Four projects proposed by faculty members have been awarded Public Service Endowment Grants from a special campus fund designed to boost outreach, extend the campus resources into the surrounding community and enhance the public service mission of the university.
The grants, administered by the Office of the Vice Chancellor for Research and Engagement, support collaborations between community partners and university scholars to address complex public issues through community-informed projects. The program’s vision statement calls on it to emphasize “converting knowledge into readily usable forms for immediate applications.” Projects are expected to be completed by July 31, 2020.
Robert Maloy, a senior lecturer in the College of Education, with associate professor of math, science and learning technologies Torrey Trust, with communications staff at the W.E.B. DuBois Library, will collaborate with a group of local middle and high school teachers to research, evaluate and publish an interactive open educational resource e-book for teachers to use in teaching the state’s new eighth grade history and social science curriculum,“United States and Massachusetts Government and Civic Life.” The lead community partner for this $12,021 award to Maloy is Amherst Regional Middle School with additional participation by The Springfield Renaissance School, Gateway Regional Middle School and Hampshire Regional High School.
Researchers Airin Martinez and Susan Shaw of the Center for Community Health Equity Research in the School of Public Health and Health Sciences will team up with Holyoke Health Center, the convener of a community-engaged obesity prevention initiative, “Let’s Move Holyoke 5-2-1-0,” for their project awarded $12,271. The “Let’s Move Holyoke 5-2-1-0” is to create environments to support healthy choices in adults and children such as eating 5 or more fruits and vegetables per day, spending 2 hours or less of screen time, getting 1 hour of exercise, and drinking 0 sugary beverages a day. More than a dozen community partner organizations in the Holyoke area will participate.The researchers plan to produce a program evaluation to help future streamlining the “Let’s Move” implementation and to produce pilot data to support future funding efforts.
For a project that aims to support secondary school writing centers in Western Massachusetts, Anna Rita Napoleone, director of the UMass Writing Center, will collaborate with the Western Massachusetts Writing Project and Frontier Regional High School in South Deerfield, Athol-Royalston Middle School and Greenfield High School – schools identified as high need – to conduct a study group that will plan the launch of a writing center at Frontier in 2019-20. The group will also develop plans for writing centers at Athol-Royalston and Greenfield with its $15,000 grant, and create a support network for all Western Massachusetts public schools interested in developing writing centers in their schools.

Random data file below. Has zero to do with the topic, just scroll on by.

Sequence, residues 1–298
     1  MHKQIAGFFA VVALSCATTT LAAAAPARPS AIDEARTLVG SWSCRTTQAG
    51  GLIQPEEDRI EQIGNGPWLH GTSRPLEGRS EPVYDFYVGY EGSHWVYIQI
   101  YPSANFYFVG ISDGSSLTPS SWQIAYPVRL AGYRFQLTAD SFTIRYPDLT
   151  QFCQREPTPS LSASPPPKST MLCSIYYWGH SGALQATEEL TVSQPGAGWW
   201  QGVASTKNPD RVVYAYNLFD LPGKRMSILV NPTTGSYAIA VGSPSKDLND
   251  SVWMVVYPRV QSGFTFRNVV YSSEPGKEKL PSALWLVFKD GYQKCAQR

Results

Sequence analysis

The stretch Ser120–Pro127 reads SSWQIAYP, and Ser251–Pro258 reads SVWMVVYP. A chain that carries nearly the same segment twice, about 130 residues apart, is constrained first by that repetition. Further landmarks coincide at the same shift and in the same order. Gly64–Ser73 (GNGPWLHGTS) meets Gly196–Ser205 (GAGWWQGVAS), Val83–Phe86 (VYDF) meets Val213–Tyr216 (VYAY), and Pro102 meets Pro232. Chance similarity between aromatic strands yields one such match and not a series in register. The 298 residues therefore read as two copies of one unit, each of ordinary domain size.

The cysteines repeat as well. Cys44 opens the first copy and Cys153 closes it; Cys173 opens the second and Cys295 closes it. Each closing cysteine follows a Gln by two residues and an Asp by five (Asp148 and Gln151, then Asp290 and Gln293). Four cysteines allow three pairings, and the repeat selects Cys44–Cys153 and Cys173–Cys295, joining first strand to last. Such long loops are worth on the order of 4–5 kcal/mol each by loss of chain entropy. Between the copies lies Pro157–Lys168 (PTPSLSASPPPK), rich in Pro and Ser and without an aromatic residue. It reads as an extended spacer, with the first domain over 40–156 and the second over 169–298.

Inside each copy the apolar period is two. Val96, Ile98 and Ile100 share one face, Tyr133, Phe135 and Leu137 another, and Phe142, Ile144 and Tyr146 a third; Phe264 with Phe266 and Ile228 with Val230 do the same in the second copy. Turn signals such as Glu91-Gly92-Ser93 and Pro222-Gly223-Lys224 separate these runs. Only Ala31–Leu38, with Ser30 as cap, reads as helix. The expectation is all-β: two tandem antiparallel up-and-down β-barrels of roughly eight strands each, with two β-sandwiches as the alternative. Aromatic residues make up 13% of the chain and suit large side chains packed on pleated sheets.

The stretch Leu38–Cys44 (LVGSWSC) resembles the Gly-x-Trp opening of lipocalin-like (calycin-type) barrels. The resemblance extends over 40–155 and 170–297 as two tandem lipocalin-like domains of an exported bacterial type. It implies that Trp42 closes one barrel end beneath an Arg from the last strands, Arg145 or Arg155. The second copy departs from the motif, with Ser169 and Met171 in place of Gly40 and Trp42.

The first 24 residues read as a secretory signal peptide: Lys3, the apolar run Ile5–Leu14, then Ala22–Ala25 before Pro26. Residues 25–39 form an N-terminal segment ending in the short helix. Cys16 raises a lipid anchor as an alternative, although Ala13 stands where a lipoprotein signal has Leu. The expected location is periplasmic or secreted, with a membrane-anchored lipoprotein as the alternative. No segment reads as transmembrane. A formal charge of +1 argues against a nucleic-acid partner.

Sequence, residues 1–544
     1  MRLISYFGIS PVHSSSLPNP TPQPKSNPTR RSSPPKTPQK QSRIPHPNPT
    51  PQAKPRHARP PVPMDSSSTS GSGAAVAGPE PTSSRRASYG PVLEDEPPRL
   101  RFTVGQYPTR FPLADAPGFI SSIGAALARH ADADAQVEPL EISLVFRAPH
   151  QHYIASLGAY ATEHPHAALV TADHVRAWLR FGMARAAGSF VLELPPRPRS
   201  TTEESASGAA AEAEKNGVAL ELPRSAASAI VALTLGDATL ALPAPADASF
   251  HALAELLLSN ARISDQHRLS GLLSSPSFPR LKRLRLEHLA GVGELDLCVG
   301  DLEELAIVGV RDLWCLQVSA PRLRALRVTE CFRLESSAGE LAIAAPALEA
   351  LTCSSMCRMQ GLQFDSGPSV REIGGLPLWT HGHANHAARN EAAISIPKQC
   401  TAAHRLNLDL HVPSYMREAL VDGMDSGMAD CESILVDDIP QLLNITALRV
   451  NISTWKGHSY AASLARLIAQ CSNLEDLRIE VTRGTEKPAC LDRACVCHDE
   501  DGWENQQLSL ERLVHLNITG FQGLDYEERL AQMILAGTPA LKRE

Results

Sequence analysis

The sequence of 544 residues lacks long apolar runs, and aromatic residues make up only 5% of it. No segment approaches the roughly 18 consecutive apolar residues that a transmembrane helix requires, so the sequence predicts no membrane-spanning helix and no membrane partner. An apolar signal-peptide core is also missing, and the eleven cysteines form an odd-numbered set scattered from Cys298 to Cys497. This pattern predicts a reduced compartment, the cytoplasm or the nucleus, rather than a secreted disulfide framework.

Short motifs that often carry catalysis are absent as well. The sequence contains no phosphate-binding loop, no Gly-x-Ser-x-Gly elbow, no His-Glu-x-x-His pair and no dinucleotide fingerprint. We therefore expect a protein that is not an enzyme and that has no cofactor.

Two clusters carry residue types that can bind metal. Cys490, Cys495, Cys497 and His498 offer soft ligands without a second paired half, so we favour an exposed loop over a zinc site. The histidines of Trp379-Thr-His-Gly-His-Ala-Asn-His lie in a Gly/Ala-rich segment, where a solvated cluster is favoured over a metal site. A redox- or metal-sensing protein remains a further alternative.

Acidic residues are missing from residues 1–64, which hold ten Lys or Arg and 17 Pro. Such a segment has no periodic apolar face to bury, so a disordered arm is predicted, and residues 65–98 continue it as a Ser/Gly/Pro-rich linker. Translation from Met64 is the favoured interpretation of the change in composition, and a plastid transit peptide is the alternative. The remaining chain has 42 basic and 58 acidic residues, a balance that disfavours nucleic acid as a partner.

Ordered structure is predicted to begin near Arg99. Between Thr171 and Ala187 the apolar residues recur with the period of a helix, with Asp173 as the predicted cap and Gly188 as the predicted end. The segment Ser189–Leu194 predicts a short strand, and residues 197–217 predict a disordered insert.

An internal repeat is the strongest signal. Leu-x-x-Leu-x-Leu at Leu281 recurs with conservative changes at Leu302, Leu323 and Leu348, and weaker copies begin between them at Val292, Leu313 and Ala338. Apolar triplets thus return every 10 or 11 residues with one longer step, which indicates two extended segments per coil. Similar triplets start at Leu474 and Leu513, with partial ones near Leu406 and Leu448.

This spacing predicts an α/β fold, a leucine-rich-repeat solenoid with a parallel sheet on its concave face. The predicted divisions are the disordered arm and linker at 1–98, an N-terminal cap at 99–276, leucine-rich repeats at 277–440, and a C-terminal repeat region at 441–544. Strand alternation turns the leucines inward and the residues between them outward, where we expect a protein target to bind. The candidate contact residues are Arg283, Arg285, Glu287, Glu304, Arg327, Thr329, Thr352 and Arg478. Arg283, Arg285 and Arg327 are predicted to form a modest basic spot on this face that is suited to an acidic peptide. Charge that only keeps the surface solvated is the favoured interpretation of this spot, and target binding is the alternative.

The Isenberg School of Management’s Senay Solak, director of the honors program and associate professor of pperations and information management, with assistant professor Priyank Arora, will partner with Massachusetts Department of Early Education and Careand New England Farm Workers Council, the child care resource and referral agency for western Massachusetts, in a study awarded $10,708 that isaimed at improving the impact of the childcare subsidy voucher system in the state. They will study strategic resource allocation decisions by childcare resource and referral agencies to identify policies that can help the agencies better serve people by improving access and equity in the state’s childcare subsidy voucher system. Specifically, they will analyze how the split of an agency’s operating budget between engagement and outreach activities might affect operational effectiveness, efficiency and equity, while taking intoaccount the perspectives of the childcare resource and referral agencies themselves, state agencies, providers and families.